A leading insurance industry body has urged the government to cut the rate of Insurance Premium Tax (IPT), which it says is hitting low-income families particularly hard. The Association of British Insurers (ABI) made the call after a new report revealed households in the UK are losing more than £200 a year to the tax.

IPT is charged on insurance policies, including car insurance, and currently stands at 12 percent — twice the level seen in 2015. The report from the independent Social Market Foundation (SMF) shows the tax is costing households an average of £223 per year — an increase of £87 per year on the figure seen a decade ago, during the 2009/10 financial year.

Perhaps more strikingly, the report also concluded that the 12 percent rate had cost the poorest half of households half a billion pounds more than if the rate had stayed at five percent. And the report said businesses were losing out too, with companies unable to claim the tax back, causing lower profits and lower incomes for staff. And costs are passed on to consumers, multiplying the effect of the tax.

Furthermore, regional breakdowns show the effect of the tax on those in the north-west of England is particularly pronounced. Although consumers in London and the south-east of England spend more, those in the north-west have lower incomes.

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As a result, the ABI has said the government should cut IPT in the forthcoming Budget. The organisation has previously called for cuts in the tax, which it claims puts pressure on young drivers, who have high car insurance premiums. In 2018, the organisation also said almost half of Brits were unaware the tax existed.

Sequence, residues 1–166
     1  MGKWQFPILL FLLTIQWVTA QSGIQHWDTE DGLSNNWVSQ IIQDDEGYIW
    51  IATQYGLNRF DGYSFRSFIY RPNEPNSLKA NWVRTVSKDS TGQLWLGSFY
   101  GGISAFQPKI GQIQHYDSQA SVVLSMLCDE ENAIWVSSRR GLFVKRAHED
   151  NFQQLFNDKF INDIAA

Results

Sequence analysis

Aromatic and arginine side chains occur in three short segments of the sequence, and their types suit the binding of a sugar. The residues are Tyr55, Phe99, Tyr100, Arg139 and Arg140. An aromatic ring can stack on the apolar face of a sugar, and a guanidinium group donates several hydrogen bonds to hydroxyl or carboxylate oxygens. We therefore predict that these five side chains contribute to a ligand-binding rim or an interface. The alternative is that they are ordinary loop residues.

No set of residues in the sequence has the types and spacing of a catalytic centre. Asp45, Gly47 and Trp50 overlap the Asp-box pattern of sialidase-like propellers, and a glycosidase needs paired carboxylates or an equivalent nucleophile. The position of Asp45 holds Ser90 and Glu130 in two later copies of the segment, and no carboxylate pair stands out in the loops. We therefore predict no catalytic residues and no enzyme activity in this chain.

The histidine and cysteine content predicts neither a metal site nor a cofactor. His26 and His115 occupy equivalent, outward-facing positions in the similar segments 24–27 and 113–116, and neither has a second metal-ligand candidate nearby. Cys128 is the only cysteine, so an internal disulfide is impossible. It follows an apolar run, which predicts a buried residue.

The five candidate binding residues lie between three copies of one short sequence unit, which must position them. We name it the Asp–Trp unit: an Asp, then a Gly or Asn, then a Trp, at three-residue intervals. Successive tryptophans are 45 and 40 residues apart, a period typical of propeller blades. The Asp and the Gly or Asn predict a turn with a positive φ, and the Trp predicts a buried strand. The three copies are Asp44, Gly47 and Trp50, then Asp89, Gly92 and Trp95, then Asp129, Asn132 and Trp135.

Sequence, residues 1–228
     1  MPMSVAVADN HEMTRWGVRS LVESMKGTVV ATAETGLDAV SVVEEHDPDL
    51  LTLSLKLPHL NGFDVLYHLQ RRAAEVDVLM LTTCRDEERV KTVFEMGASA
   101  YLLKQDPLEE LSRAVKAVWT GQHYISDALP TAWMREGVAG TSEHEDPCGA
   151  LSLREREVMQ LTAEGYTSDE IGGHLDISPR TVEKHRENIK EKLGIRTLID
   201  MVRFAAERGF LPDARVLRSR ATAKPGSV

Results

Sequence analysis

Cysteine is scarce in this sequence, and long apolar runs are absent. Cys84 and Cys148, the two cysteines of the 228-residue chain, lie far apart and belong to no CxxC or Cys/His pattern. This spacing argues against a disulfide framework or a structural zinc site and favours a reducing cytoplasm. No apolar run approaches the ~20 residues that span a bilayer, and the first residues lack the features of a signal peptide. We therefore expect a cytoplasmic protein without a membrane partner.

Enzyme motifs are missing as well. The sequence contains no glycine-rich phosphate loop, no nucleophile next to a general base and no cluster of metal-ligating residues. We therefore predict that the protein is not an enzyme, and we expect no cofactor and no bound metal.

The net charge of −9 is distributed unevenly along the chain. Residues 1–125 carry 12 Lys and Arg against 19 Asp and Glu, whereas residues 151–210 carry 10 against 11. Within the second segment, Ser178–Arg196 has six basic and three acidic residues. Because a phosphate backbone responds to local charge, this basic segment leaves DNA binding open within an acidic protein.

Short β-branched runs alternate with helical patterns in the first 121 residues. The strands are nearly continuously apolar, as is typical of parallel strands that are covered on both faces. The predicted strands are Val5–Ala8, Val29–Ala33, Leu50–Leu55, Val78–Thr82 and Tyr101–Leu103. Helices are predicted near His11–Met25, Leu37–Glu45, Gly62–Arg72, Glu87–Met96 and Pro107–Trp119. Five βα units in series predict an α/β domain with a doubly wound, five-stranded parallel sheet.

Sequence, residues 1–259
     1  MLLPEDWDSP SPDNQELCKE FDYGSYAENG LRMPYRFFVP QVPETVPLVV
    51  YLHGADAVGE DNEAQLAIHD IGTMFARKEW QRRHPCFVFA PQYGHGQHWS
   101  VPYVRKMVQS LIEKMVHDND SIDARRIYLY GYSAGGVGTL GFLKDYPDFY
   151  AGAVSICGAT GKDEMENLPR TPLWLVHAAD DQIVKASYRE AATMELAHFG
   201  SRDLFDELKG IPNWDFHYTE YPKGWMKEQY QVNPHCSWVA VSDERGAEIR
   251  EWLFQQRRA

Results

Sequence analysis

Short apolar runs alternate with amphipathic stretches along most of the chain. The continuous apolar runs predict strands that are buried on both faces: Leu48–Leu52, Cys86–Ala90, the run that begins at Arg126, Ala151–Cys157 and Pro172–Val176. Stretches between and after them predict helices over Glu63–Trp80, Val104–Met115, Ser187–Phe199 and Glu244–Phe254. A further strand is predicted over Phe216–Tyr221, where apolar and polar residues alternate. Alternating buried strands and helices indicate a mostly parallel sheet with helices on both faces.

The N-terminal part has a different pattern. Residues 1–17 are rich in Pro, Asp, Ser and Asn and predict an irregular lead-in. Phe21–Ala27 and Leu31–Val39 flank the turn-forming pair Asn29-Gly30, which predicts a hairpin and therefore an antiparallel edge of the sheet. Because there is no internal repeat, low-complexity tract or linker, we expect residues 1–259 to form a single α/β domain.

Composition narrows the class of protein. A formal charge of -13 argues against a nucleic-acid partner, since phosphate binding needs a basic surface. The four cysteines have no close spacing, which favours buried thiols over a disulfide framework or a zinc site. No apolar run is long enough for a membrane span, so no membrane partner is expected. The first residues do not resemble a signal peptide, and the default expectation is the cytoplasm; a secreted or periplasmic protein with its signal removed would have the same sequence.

Huw Evans, the director general of the ABI, said the report highlighted the unfairness surrounding Insurance Premium Tax.

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“This new report clearly shows how regressive and unfair Insurance Premium Tax is,” he said. “IPT costs hard-working families £223 a year, just for doing the right thing and buying insurance to protect themselves. Businesses and public bodies are also losing out as this tax damages their bottom lines. We urge the government to cut this stealth tax in the March budget.”

Meanwhile Scott Corfe of the Social Market Foundation said the government’s increases to the tax were costing those on lower incomes.

“The data we have collected shows there has been no detailed analysis from the government on what rate IPT should be set at,” he said. “It has gone up exponentially and our figures are clear: families with lower incomes are paying more every year.”

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